Negative-Yield Bonds a Game Changer for Government Finance

by Lear Capital EditorialMay 19, 2016
Government Bonds

I have a proposition for you. Lend me $100 and I will pay you back $95. Good deal, right? This is essentially what governments and central banks are beginning to offer investors through bonds with negative yields. The central banks in Japan and Europe have actually been raising money this way. Japan offered a -0.024% average yield on 10 year bonds recently and people actually gave them $19.4 billion!

It sounds absolutely insane. But let’s read between the lines here. Under what circumstances would negative-yield bonds be a good deal that people actually took?

Well, it would be a good deal if $95 is the most you can really expect back from money you’ve earned and saved, versus putting it somewhere else. What is the government really telegraphing then?

Probably that through the unreasonable risk elsewhere you’re likely to lose much more or maybe even all of that $100. Or perhaps through tax policy your savings will be significantly eaten away… But this bond will at least keep $95 of that initial $100 safe and return it to you someday.

The unmitigated gall of a government offering bonds for a negative yield necessarily means a $95 return is better than an $80 return. Or a $30 return. Or a $0 return. Think about that.

It also means governments are acknowledging the impossibility of growing their way out of their current debt, and they’ve given up on the idea of growth in the future. They are left with pure theft and extortion to fund themselves.

It is no wonder then that gold, precious metals and other contrarian assets are seeing a bull run these days. Investors are getting the message loud and clear. Growth is an illusion many are giving up on. The game is shifting to wealth preservation. And the last thing you want for a secure portfolio in this environment is everything denominated in the currency of a government that thinks this way.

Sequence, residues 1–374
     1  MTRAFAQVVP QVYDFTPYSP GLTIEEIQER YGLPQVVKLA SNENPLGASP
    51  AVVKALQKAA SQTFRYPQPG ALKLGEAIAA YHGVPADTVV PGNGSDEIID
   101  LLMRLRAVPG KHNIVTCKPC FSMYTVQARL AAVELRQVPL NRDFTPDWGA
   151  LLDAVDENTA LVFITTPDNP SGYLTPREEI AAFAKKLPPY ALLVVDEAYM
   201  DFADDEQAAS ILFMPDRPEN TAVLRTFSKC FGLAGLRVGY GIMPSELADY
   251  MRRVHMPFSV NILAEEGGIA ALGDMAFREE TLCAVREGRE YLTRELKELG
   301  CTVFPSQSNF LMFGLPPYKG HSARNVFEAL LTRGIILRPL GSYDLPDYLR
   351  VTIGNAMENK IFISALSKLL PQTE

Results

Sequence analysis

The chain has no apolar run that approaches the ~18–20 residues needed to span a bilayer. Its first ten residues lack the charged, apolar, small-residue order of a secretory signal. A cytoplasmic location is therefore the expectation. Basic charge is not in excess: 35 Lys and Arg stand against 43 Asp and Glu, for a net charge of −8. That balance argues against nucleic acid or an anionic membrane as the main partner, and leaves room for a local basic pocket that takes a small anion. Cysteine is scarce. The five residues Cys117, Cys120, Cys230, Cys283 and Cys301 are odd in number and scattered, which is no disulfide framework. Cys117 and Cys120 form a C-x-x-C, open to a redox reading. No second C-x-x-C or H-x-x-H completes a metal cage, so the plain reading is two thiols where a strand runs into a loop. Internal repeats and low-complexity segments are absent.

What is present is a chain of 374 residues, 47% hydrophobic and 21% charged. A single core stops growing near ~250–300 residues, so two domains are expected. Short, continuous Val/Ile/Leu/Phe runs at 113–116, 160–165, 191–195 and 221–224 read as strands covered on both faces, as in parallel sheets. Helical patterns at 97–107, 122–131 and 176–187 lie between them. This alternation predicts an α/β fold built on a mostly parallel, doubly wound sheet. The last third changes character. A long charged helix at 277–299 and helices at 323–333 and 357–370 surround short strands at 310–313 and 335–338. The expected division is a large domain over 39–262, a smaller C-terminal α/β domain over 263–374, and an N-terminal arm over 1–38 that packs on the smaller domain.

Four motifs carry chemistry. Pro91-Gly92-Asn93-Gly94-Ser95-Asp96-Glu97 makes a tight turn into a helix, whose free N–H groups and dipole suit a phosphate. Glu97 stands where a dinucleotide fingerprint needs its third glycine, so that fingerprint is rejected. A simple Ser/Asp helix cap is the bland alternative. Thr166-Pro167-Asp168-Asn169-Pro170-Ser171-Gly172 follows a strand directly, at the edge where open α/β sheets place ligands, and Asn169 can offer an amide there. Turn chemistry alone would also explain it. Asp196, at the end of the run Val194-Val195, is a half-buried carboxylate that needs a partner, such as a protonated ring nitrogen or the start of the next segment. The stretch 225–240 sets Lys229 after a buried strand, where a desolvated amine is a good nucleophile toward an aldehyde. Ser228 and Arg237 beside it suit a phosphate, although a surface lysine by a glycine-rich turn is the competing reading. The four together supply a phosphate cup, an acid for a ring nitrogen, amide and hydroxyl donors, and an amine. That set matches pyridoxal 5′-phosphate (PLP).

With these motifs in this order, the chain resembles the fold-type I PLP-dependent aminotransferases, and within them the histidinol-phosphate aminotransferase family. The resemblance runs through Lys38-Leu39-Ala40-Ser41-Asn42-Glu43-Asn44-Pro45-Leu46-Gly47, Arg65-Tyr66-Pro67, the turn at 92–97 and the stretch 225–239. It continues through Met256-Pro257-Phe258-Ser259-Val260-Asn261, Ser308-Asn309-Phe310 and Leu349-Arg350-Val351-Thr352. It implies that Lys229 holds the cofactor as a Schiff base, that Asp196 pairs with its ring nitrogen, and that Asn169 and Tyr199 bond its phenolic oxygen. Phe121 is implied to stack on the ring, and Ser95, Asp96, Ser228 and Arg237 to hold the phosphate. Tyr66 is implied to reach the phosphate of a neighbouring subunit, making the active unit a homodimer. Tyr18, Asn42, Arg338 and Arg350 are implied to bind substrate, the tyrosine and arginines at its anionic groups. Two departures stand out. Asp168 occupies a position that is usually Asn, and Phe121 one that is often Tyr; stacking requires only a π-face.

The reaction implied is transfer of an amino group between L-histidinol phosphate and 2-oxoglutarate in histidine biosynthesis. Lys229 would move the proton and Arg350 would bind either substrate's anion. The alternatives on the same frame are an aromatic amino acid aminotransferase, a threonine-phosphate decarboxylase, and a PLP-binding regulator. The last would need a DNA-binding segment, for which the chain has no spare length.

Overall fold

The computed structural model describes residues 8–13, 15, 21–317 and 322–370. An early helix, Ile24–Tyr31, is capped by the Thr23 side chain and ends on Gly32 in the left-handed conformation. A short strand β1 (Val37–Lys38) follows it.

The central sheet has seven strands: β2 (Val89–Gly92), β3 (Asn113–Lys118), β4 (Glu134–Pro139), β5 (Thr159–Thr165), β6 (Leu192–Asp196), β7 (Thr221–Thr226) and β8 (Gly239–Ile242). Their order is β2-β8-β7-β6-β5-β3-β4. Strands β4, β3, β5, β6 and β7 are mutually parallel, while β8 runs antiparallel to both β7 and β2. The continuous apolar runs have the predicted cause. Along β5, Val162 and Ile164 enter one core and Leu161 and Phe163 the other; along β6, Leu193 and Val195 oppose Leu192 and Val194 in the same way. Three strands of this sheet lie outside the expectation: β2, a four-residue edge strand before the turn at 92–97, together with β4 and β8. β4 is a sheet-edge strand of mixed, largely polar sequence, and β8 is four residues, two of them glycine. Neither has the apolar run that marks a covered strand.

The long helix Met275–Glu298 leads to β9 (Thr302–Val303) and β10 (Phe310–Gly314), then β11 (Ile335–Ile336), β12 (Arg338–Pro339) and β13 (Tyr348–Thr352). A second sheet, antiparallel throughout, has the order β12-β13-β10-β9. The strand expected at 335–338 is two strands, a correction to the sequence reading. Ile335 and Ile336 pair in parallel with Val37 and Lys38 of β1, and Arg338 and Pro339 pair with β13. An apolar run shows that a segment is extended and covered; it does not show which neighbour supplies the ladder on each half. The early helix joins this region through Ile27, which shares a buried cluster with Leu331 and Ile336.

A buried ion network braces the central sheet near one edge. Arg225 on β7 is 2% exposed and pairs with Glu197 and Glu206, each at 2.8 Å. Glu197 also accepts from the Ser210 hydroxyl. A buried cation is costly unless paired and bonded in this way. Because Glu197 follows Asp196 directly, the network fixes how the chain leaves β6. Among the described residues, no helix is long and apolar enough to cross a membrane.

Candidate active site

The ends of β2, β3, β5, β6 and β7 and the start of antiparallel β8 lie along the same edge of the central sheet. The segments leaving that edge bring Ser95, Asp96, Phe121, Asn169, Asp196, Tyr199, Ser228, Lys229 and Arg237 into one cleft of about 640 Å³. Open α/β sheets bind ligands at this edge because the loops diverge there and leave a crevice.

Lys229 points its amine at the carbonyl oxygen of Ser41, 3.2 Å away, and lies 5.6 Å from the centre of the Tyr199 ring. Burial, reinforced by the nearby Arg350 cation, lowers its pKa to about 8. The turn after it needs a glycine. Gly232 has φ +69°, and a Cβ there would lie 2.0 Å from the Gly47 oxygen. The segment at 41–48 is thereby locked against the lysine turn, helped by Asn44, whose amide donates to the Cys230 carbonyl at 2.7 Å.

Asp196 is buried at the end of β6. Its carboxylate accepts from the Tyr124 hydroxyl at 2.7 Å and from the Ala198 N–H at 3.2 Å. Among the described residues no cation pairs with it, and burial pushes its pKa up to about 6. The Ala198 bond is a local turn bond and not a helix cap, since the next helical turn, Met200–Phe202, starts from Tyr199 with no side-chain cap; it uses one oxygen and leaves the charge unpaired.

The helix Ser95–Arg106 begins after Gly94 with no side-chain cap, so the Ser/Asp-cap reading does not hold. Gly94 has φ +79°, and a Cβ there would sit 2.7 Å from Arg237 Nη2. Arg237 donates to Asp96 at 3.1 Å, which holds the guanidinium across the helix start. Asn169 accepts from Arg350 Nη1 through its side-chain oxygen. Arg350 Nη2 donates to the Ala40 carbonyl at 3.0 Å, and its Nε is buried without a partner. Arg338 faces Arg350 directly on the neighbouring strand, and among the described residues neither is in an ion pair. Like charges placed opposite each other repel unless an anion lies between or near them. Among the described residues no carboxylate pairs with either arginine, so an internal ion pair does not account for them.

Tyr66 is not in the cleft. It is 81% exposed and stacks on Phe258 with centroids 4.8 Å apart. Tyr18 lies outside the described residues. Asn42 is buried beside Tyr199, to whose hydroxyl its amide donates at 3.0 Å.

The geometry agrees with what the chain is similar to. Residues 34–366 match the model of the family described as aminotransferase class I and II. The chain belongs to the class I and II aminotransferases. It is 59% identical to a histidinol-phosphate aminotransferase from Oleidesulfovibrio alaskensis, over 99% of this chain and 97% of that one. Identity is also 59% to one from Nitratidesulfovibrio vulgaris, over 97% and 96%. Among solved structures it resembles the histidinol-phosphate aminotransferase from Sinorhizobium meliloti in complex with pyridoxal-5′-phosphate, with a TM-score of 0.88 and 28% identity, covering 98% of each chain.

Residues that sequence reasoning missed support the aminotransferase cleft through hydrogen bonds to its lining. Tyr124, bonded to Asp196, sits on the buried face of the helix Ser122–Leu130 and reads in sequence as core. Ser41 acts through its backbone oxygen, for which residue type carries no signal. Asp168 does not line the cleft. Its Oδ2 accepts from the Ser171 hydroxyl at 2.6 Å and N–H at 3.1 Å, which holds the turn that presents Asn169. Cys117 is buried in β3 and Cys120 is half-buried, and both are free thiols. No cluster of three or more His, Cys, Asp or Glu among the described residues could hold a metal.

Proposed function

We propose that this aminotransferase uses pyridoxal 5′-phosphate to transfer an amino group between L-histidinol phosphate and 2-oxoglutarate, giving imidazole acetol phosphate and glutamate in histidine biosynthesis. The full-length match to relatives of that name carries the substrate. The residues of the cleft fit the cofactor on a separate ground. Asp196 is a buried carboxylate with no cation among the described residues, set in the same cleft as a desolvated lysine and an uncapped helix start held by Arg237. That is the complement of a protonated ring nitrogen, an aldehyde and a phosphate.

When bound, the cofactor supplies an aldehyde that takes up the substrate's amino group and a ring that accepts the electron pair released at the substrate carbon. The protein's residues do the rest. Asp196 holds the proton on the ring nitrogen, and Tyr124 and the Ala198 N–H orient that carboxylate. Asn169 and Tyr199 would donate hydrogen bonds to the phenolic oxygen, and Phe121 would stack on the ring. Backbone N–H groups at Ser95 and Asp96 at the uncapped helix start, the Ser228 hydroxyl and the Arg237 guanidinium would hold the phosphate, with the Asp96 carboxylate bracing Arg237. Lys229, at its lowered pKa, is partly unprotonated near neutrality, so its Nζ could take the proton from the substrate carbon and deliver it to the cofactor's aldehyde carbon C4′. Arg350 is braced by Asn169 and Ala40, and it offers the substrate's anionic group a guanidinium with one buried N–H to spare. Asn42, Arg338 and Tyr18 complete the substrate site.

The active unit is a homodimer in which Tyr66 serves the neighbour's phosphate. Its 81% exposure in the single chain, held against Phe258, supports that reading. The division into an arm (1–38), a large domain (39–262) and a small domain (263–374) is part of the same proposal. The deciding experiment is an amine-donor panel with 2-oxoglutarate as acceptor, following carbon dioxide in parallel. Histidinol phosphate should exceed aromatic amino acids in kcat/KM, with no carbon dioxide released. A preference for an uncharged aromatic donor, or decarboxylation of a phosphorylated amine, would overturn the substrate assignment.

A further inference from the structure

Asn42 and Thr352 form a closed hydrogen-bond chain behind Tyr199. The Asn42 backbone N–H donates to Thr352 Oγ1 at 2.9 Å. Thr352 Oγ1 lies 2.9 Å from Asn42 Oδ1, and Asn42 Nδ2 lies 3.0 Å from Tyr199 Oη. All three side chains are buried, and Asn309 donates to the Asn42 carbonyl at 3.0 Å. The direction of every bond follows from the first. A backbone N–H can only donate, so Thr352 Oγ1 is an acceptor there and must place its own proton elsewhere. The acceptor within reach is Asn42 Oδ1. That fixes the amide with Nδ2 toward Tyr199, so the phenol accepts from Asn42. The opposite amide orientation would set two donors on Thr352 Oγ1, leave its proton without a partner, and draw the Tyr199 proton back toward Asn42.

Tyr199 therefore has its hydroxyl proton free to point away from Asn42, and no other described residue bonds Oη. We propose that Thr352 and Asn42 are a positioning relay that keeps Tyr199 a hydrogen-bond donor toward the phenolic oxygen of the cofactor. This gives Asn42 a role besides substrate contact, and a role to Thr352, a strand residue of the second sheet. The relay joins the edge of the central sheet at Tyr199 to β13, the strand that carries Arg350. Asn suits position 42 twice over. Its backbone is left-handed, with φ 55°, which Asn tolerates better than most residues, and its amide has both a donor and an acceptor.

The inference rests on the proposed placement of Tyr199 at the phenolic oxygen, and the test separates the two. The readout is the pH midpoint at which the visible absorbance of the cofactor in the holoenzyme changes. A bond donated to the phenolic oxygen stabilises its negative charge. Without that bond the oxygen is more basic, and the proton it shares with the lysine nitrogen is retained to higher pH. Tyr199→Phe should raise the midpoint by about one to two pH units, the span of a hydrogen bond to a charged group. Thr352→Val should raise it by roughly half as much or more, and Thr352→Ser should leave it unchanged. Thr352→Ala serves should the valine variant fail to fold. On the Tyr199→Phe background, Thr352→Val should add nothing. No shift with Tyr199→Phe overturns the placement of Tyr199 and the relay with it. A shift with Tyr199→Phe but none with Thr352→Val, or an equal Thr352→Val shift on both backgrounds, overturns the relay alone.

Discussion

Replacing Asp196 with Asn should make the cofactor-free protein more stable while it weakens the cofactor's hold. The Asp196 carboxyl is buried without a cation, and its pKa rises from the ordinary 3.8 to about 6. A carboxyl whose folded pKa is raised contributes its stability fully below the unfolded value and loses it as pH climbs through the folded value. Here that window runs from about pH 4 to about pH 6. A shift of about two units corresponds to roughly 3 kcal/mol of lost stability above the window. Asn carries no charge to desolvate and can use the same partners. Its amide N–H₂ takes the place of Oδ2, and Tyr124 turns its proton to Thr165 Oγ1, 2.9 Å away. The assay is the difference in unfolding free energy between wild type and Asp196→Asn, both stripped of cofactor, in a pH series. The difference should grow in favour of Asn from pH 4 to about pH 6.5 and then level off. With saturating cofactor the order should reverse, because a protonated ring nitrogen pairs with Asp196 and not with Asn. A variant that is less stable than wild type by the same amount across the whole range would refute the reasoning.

It is time to give some serious thought to owning precious metals. We typically recommend allocating 5-20% of your well-balanced portfolio to precious metals like bullion coins or bars. We even have ways to convert retirement accounts to precious metals that are fully IRS compliant.  Please consider this alternative to the shady deals government and central banks are offering you.

While it is true that actual negative interest rates are not here yet, in a de facto sense, they are. When the yield on bonds is less than the rate of inflation (both actual and official) what is the real difference? Going negative is just the next step, and Janet Yellen is dovish enough to consider it.

Call us today to defend yourself against this game changer.

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